Food in Scotland should be laced with vitamin D to stave off MS, experts sayResidents do not get enough UBV rays from the sun on the skinMany do not eat enough vitamin D-rich food
Scotland”s food supply should be laced with vitamin D in a bid to cut the high rate of multiple sclerosis (MS) in the sun-deprived region, experts have said.
Scotland has some of the highest MS levels in the world and many experts believe vitamin D deficiency is a contributing factor.
Vitamin D deficiency is caused by a lack of sunlight and for half of the year no one living in Scotland gets enough UBV rays from the the sun on their skin to make adequate levels of the vitamin D, it has been reported.
Ray of light Medical experts believe fortifying Scotland”s food supply could tackle high MS levels in the absence of regular sunshine
Gloomy outlook: Scotland has some of the highest MS levels in the world and many experts believe vitamin D deficiency is a contributing factor
In addition, many do not eat enough of the foods that contain it, such as oily fish, which has led to international health experts calling for the food supply in the Scotlandto be fortified with the vitamin.
Oxford academic Professor George Ebers says the evidence of the link between MS and vitamin D deficiency is so strong it warrants fortifying food with it, the Guardian reported.
Professor Ebers, from the Nuffield Department of Clinical Neurosciences, and his team this month published their findings of a genetic link between MS and an uncommon inability for the body to produce vitamin D.
He told The Guardian: “Now the question is, can we finally persuade the public health authorities that they should supplement the population”
There have long been theories that high numbers of people with MS live in areas deprived of sunshine – while low levels of those in countries with year-round sunshine.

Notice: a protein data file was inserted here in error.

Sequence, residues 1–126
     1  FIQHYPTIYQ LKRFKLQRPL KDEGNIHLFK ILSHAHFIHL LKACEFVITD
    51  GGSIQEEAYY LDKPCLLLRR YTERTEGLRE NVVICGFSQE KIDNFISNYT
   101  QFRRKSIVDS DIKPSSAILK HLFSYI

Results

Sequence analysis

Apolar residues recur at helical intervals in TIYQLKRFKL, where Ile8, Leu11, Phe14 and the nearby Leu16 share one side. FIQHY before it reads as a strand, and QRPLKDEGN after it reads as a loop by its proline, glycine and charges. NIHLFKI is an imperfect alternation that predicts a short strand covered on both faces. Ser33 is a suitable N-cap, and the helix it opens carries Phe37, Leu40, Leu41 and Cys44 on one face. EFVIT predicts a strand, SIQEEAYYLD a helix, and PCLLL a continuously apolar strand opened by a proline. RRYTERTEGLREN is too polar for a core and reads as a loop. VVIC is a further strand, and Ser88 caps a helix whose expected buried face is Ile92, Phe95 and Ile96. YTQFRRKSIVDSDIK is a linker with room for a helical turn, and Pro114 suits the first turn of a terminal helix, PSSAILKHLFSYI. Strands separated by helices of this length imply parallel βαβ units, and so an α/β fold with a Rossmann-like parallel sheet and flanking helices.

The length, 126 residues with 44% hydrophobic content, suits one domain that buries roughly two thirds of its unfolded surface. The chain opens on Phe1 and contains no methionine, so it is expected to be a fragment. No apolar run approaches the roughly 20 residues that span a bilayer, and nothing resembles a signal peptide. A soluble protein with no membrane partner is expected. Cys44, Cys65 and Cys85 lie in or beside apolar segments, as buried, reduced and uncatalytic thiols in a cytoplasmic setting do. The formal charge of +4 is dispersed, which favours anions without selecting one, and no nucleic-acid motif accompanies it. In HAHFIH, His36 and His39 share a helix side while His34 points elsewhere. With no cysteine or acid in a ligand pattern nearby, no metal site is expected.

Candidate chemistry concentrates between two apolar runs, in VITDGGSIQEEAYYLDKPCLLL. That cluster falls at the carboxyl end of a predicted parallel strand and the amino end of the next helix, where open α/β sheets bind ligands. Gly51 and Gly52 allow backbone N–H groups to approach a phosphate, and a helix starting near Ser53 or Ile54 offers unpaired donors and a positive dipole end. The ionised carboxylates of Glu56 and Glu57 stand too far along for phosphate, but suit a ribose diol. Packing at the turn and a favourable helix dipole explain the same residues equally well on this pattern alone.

Sir Harry Burns: Scotland”s chief medical officer said “broader scientific consensus” was needed
However, the authors of this new report claim it offers strong scientific evidence.
About 10,000 people in Scotland have MS.
Scotland”s chief medical officer said this sort of change would only be considered after “broader scientific consensus”.
Sir Harry Burns told The Guardian: “It is important to remember that dietary supplements can have harmful as well as positive consequences and recommendations need to be made on the basis of evidential benefit in well conducted randomised studies in large populations.
“Mass medication of the Scottish population without such evidence would be considered irresponsible by the public health community.”
The MS Society in Scotland is championing a campaign launched by a 13-year-old boy whose mother had the disease diagnosed.
Shine on Scotland is teenager Ryan McLaughlin”s response to vitamin D deficiency. His mother, Kirsten McLaughlin, is very ill in hospital with MS.
The campaign has seen Ryan meet with Government officials to appeal for vitamin D-fortified food.
The youngsters father, Alan, revealed that the campaign had persuaded Kellogg”s to add the vitamin to cereals.